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Sen. Thom Tillis (R-N.C.) speaking during a Judiciary Committee hearing in September. Photo: Stefani Reynolds/POOL/AFP via Getty Images

Sen. Thom Tillis (R-N.C.) said in a statement Friday evening that he tested positive for the coronavirus, writing: "I’m following the recommendations of my doctor. Thankfully, I have no symptoms and feel well."

Why it matters: Tillis, a member of the Senate Judiciary Committee, was at the White House last Saturday to watch President Trump introduce federal appeals court Judge Amy Coney Barrett as the Supreme Court nominee to replace Justice Ruth Bader Ginsburg. Tillis also met with Barrett at the Capitol on Sept. 30.

What they're saying: "COVID is a very contagious virus. If you were exposed or start to display symptoms, please call your doctor, self-isolate, and get tested," Tillis said.

The big picture: Tillis is the second GOP senator and second member of the Senate Judiciary Committee who was in attendance at the nomination ceremony Saturday and later tested positive for the virus. Sen. Mike Lee (R-Utah) also tested positive on Friday.

  • Tillis is in the throes of a hotly contested race in North Carolina against Democrat Cal Cunningham. The candidates debated in-person Thursday night.
  • I'm wishing [Tillis] a quick recovery following his positive COVID-19 test, and am thinking of him and his family," Cunningham said, adding that he would get tested for the virus.

The senator is also facing a compressed timeline to fill the Supreme Court vacancy. Senate Republicans have said they intend to get Barrett on the Supreme Court by Election Day, though it is unclear how Tillis and Lee's diagnoses will affect the confirmation process.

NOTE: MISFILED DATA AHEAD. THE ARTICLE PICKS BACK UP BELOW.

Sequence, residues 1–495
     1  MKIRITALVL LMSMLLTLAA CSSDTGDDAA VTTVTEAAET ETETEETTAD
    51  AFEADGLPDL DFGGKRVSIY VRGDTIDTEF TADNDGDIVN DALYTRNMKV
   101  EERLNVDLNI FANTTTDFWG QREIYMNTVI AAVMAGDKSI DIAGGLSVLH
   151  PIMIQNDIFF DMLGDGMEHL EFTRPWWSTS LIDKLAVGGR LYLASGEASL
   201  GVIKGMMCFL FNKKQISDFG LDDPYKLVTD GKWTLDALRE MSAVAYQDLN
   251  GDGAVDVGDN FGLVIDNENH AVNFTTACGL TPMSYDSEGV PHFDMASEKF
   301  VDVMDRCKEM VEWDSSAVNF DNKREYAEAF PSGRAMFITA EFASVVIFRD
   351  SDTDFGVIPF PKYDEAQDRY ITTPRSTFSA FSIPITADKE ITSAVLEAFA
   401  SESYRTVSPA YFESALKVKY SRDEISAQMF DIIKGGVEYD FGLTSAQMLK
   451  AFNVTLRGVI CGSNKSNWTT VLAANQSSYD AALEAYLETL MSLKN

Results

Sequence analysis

• Senate Minority Leader Chuck Schumer urged lawmakers to postpone Barrett's confirmation hearings, saying, "It is irresponsible and dangerous to move forward with a hearing, and there is absolutely no good reason to do so."
  • Republicans currently hold a 12-10 majority on the committee. Barrett's hearings are tentatively scheduled to begin Oct. 12, two Senate sources familiar with the plans told Axios last week.

Go deeper

Updated Jan 10, 2021 - Politics & Policy

GOP Sen. Toomey calls on Trump to resign: "It's the best path forward"

Sen. Pat Toomey (R-Pa.) told CNN's "State of the Union" Sunday he believes President Trump should resign, following his comment to Fox News on Saturday that he believes the president "committed impeachable offenses" over his actions before, during and after Wednesday's deadly siege of the U.S. Capitol.

Why it matters: Toomey's comments come as some Republicans have signaled they may be open to the possibility of removing Trump from office over Wednesday's riot. He is the second Republican senator to call on Trump to resign, following Sen. Lisa Murkowski.

Tie-breaking vote a political challenge for Harris

Photo illustration: Sarah Grillo/Axios. Photo: Tom Williams/CQ-Roll Call, Inc./Getty Images

While Democrats relish Kamala Harris' power to cast tie-breaking Senate votes in their favor, it has the potential to define her as vice president — and as a possible 2024 presidential contender.

Why it matters: As Senate president and a 51st vote for Democrats, Harris faces the prospect of weighing in on specific bills she would have avoided after leaving Congress. Her domestic and international travel — a key perk for the vice presidency — also could be inhibited by the need to remain close to Washington.

Biden gets mixed grades on revolving door

Illustration: Sarah Grillo/Axios

President Biden is getting mixed marks for his reliance on industry insiders to staff his administration during its first 100 days.

Why it matters: Progressives have leaned on the new president to limit the revolving door between industry and government. A new report from the Revolving Door Project praises him on that front but highlights key hires it deems ethically questionable.